Combining Creatine, Beta Alanine, Citrulline Malate and Caffeine is a fool-proof way to ensure both physiological and psychological performance are at their peak.

Aim for:

  • 5g Creatine Daily
  • 4g Beta Alanine Daily
  • 6-8g Citrulline Malate pre workout
  • 3-6mg per kilogram of bodyweight for Caffeine pre workout

These 4 supplements will increase performance in its entirety and this will directly improve muscle growth long term.

And there you have it…

In this article we have discussed 4 primary things that may be worth considering when trying to optimise the muscle growth environment by controlling the minutia of protein synthesis, energy availability and hormonal health.

Please note!  If you cannot nail your daily nutrition and optimise your training for at least 12months consistently, DO NOT bother with trying to optimise the minutia!


Muscle growth is about consistency over time! So while the minutia may be fun to control, focus your efforts on the things you can do consistently and it is then that you will profit the most!

Recommended Products

Test3d by Anabolix Nutrition

Anabolix Test3D is a potent male performance product designed to target hormonal performance in the true Anabolix 3-Dimensional manner & increase testosterone & control estrogen.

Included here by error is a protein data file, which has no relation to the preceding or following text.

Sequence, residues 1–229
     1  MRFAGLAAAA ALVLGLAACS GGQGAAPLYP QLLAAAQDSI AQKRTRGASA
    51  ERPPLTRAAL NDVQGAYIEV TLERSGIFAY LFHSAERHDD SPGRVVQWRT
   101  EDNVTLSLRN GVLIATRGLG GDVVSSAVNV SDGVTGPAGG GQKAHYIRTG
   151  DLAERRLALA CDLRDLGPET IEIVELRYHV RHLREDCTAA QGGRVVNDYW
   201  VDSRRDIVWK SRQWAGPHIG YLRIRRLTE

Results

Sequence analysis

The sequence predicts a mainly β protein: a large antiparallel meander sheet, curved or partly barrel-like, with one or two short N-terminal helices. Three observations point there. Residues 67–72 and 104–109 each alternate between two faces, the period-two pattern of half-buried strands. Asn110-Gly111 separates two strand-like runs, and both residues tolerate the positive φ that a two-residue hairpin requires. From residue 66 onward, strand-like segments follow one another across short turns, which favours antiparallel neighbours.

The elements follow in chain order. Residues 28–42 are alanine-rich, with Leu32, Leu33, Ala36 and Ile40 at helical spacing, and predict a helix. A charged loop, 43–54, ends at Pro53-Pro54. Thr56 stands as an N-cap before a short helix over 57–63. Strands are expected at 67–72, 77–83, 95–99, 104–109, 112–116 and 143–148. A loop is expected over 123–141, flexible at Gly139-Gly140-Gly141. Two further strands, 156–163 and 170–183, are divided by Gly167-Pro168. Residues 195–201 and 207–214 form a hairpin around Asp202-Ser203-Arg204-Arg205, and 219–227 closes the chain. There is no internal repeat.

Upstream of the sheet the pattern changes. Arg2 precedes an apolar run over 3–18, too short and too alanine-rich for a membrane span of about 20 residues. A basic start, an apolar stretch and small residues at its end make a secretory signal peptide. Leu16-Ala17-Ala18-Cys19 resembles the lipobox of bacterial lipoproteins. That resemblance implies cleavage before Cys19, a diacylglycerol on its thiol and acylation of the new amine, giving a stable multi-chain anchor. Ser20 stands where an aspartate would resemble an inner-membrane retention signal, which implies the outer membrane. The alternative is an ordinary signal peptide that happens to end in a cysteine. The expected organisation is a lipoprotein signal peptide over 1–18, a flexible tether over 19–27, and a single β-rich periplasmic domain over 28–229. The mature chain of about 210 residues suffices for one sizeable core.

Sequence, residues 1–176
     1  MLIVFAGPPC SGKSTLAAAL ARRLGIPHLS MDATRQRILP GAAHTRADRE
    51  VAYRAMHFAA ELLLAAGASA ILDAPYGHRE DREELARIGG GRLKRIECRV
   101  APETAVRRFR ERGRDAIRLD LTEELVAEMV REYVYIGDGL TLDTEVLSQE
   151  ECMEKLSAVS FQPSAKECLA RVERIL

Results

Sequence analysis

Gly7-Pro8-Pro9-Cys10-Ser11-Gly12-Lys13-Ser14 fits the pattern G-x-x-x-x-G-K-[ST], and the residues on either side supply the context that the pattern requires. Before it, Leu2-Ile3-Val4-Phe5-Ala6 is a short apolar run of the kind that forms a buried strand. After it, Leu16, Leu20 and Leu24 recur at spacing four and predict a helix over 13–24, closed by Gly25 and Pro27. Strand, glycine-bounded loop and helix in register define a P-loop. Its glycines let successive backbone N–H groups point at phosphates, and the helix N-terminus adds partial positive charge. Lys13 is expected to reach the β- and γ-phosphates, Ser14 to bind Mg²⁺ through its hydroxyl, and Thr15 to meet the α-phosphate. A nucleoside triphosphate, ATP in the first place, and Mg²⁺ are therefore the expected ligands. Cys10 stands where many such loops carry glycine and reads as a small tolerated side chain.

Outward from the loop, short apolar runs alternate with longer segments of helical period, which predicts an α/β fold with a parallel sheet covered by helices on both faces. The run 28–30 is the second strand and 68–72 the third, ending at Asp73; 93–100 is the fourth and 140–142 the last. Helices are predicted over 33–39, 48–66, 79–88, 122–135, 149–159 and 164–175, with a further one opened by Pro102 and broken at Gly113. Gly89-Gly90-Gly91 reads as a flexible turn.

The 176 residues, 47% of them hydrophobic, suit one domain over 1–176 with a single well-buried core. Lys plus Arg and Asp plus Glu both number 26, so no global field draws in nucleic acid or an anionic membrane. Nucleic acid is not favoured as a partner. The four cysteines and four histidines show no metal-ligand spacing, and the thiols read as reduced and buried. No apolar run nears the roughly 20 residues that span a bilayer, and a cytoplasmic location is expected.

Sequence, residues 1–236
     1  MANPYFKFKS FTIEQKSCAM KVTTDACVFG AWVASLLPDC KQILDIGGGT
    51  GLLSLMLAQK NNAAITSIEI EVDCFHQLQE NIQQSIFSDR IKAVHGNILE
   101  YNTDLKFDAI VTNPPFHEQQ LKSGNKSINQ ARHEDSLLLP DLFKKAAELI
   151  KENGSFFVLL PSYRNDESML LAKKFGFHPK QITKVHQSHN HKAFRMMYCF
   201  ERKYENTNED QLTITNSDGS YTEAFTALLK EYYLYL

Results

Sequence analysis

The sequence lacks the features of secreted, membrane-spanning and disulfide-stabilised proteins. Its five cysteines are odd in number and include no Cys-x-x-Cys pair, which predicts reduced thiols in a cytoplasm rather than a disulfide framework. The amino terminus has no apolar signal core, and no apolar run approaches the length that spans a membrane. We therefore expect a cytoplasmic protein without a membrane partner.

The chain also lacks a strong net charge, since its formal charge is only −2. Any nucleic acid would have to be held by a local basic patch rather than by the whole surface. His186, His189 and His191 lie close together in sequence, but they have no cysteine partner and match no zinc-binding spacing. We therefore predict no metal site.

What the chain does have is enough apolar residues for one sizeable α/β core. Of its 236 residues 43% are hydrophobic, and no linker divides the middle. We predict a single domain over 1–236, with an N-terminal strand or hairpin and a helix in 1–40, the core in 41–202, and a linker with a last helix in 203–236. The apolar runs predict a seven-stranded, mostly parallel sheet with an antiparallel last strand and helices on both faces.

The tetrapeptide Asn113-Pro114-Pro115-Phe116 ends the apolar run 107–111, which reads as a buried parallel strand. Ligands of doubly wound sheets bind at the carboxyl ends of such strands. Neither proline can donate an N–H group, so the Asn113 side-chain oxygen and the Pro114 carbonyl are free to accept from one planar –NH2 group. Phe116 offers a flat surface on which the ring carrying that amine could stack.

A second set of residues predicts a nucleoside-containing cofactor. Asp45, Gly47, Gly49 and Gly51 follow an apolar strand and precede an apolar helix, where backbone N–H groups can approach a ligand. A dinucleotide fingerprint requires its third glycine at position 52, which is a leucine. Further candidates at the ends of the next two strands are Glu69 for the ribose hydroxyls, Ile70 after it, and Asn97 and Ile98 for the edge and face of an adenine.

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100% Pure Creatine By Genetix Nutrition

Creatine monohydrate is a naturally occurring essential energy precursor found in the body's muscle tissue, designed to increases muscle size & strength.

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L-Citrulline Malate by ATP Science

L-Citrulline enhances peripheral blood flow to the working muscle, meaning a greater delivery of oxygenated blood can be achieved during exercise.

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Exercise Scientist

I completed my Exercise Science Degree at the University of QLD and have worked in the fitness industry for over 8 years, including a short stint at the Brisbane Broncos in 2010 as a student. I also hold my Level 2 Strength and Conditioning Coach accreditation (ASCA) and have competed in 1 bodybuilding season, placing 2nd at the IFBB u85kg Nationals.